By Jason Wagner
Lasagna with meat sauce? Curious, not necessarily an item I jumped to review, but I do make it a point to keep an open mind, and it’s Mountain House, so it’s likely worth the risk…the risk of grizzle and otherwise disgusting meat.
Taste – 9.6/10: Impressive, I’m impressed! There are three main taste characteristics in this one, and those three taste characteristics are: Cheese, tomato sauce and pasta. Let’s start with the tail end of that, the pasta – you’ve got to love it when freeze dried pasta tastes like something that just came off the power boil, this was good, and the shape of it made it almost seem like baked lasagna. The cheese, ah, the cheese – I knew this would be cheesy in the perfect kind of way when I was stirring the boiled water, and when the fork was lifted, behold, it was encrusted with cheese…mmm… And the last of the trinity of primary tastes, the tomato sauce and tomato flavor – it permeated everything in all of the right and delectable ways, and really, if the tomato sauce didn’t taste genuine and rich, this wouldn’t make for a very good lasagna, now would it? Final tasting notes: The beef, while in relatively small number didn’t contain or taste in an offensive manner, and if I say that, trust me – I’m way too fussy for my own good when it comes to meats, particularly ground ones. The seasonings were pretty much spot on, not too salty, not bland, maybe a little Italian seasoning – all and all, very well put together.
Texture – 9.5/10: The texture, ah – the texture; the texture was devoid of all of the terrible things I had concerned myself with. For instance, the meat seemed pretty lean, there wasn’t any sliminess to the sauce or anything else that would take away from the rich taste experience, and as I always like to point out with Mountain House pasta – the pasta tasted like freshly cooked pasta.
Convenience – 8.2/10: Eh, it could be better, it also could be worse with the very worst of the whole preparation consisting of boiling of water, stirring it in and allowing it to sit. For on the move, not the greatest, for the home it’s very good, so ultimately, pretty good.
Operational Security – 8.5/10: This is pretty standard as far as operational security goes and Mountain House pouches seem to go. That is to say, if the malcontents aren’t within 10 meters, I’d be quite fairly surprised if they were able to even remotely detect the aroma. Perhaps a bigger concern would be the boiling of the water potentially giving you away, but again, not too much of a security risk and overall, this is fairly safe as far as survival food goes.
Filling Factor – 9.8/10: This is a BIG portion, well, not huge, but as I said – big. Not only has it got size, it has got those certain ingredients that seem to make you feel really well fed, which is of course exactly what you want in a survival food.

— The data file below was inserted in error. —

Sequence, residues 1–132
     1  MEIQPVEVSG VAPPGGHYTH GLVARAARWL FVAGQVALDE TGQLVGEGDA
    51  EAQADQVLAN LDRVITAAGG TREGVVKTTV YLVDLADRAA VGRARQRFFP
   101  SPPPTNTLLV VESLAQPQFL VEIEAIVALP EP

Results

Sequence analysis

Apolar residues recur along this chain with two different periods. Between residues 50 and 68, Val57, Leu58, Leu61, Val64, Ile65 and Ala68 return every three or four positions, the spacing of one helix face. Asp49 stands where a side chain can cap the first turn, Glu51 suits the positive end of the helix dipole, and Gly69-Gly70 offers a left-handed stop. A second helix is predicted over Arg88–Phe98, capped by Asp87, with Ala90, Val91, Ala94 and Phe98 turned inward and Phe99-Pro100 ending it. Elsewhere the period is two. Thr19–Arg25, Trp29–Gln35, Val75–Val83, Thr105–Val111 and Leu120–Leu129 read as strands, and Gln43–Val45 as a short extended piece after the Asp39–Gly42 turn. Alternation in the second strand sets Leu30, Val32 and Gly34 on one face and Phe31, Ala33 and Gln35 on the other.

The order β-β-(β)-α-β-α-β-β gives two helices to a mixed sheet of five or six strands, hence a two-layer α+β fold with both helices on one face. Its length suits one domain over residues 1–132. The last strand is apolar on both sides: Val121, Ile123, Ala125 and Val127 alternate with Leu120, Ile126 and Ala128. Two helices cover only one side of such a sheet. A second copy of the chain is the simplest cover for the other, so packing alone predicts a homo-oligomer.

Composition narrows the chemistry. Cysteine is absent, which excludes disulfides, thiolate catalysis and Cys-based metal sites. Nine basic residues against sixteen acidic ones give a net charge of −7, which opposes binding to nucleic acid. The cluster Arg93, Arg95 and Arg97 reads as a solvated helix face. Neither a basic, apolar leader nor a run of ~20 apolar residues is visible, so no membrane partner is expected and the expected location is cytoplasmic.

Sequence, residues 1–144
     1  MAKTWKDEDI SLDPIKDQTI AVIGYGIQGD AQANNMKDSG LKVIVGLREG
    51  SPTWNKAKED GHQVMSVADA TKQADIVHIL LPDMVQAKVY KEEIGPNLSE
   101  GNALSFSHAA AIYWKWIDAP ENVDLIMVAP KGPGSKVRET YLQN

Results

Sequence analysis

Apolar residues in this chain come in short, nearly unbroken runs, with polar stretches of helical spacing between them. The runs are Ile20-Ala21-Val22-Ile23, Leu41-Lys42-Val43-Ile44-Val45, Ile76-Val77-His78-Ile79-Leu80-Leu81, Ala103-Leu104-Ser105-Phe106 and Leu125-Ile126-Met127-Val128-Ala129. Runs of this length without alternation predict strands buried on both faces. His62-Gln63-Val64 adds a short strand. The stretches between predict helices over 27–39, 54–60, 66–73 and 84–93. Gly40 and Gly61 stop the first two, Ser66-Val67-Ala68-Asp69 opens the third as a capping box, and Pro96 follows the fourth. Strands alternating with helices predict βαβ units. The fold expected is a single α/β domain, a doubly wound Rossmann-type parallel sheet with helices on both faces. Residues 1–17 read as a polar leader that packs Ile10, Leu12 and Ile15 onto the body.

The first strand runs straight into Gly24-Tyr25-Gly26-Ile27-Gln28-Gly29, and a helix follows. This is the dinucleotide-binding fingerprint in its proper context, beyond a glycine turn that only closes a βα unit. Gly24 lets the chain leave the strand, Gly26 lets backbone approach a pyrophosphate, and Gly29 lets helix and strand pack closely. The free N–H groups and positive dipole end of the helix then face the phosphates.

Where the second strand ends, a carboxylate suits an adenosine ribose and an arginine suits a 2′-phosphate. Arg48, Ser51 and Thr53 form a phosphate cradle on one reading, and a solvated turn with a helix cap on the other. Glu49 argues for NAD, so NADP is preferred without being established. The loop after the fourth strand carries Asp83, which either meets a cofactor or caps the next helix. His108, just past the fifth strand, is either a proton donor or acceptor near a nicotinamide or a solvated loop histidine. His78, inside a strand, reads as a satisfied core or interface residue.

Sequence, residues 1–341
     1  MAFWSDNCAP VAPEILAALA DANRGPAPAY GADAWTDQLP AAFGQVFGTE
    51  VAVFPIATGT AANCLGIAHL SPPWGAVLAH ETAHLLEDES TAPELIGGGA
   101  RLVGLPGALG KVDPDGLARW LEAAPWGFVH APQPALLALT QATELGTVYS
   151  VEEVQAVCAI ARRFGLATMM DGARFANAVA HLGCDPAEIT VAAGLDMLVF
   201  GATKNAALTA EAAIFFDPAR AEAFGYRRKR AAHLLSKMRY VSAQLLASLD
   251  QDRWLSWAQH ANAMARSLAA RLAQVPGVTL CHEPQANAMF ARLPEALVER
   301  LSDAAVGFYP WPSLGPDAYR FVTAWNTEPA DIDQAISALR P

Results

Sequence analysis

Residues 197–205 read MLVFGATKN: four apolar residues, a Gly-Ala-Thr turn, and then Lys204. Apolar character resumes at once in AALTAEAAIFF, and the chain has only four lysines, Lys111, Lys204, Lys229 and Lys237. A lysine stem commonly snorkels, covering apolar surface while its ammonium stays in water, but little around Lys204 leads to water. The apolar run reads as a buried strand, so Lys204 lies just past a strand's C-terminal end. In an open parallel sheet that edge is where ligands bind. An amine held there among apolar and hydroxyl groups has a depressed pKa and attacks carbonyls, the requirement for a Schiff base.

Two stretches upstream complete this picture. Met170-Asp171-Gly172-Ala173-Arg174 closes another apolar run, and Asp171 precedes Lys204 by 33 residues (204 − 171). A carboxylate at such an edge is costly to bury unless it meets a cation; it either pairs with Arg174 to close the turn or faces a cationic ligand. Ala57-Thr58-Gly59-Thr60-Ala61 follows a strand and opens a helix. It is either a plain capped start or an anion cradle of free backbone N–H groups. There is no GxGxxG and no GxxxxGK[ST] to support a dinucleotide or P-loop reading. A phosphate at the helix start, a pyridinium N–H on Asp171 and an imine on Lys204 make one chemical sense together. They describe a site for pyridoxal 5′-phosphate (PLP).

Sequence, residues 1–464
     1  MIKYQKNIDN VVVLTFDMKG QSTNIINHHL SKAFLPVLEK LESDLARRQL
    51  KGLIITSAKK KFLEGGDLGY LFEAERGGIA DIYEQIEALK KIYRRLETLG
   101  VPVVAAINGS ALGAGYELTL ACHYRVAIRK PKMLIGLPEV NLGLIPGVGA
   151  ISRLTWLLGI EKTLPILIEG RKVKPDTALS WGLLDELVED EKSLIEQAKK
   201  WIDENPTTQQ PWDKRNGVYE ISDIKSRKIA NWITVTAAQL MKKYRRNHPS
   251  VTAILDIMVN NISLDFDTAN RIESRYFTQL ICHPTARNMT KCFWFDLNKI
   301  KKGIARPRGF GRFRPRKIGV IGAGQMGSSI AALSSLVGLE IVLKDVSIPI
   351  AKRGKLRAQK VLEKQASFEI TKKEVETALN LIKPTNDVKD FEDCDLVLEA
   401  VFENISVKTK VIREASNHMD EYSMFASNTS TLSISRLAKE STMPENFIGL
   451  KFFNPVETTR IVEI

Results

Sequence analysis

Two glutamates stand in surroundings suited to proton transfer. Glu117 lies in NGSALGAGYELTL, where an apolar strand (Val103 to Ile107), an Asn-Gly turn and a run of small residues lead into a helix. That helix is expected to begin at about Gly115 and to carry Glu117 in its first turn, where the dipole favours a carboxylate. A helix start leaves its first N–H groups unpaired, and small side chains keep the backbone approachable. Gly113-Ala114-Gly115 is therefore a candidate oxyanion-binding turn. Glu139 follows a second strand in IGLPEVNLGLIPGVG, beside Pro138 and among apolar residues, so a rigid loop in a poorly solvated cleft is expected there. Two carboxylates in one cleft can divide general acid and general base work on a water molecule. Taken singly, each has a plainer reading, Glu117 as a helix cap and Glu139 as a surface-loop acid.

Shelf Life – 8.5/10: Not really too much uniqueness to report here; as is the case with virtually every other pouched freeze dried Mountain House product this will hold up for about 7 years. Again as is always the case, if you get the canned version you’re looking down the barrel of 30+ years of stable storage.
Nutrition – 9.6/10: Usually these sorts of freeze dried meals contain good all-around nutrition, yet they’ve been known to leave my stomach, and the stomachs of many others wanting for more. In the case of the Mountain House freeze dried lasagna with meat sauce, you shouldn’t be left wanting for too much more! Just to rattle off some the best nutritional aspects, this is loaded with protein…meat, vitamin A, vitamin C, iron, calcium – even potassium, and of course there are plenty of calories present here, too. Almost no freeze dried entrée I’ve had dealing with will last a person an entire day, and indeed is the case here; however this one is pretty damn good as far as nutrition goes!
Weight/Bulk – 9.0/10: I’ve never encountered a single Mountain House product that hasn’t impressed me with its ease of storage, lightweight and space efficient aspects. I’m glad that trend hasn’t been broken here. The cans are great because they can be neatly stacked, while the pouched versions that I’m reviewing here are great because they’re lightweight and are easy to box up.
Hoofing It/On-The-Move Score – 8.8/10: Lightweight and because they’re pouched, perfectly shaped and sized for the pack, check. This requires 16 ounces of water and something to bring it to a boil, negative, but not exactly a death blow and the item is fairly stealthy – check, negative and check. I’d definitely considering stocking a bug out bag, or a scouting pack with these or something similar to these, they’re definitely worth their miniscule weight.
Final Review – 9.5/10: I’ll admit, I really didn’t want to review this one, and as such I’ve delayed it a tad, but being the pragmatic survivalist that I am, I knew that I was doing myself a disservice, and not to mention acting in a less-than-brave manner by holding off on this one, and to tell the truth, I kind of wish I reviewed this one a bit sooner! If there is one message to take away from all of this, a message for me and a message for you ladies and lads, it’s that sometimes, even if something doesn’t sound like it would taste the absolute best, every now and then you may indeed be pleasantly surprised; although this isn’t the first time I’ve been relatively pleasantly surprised by a survival meal, as was the case with the chicken fajita MRE I review on the Fourth of July. Thanks to these surprisingly good experiences, I suppose, when it comes to sampling certain esoteric sounding survival eats, I’m much more open minded to trying them in search of apocalyptic gold, and I hope you’ll be more open-minded, too. If you take all of the good associated with this product, smash the good together and really examine what you’ve got; I do believe that you’ll quickly find that you’ve got a truly delicious, apocalypse-ready freeze dried entrée that you’ll truly savor.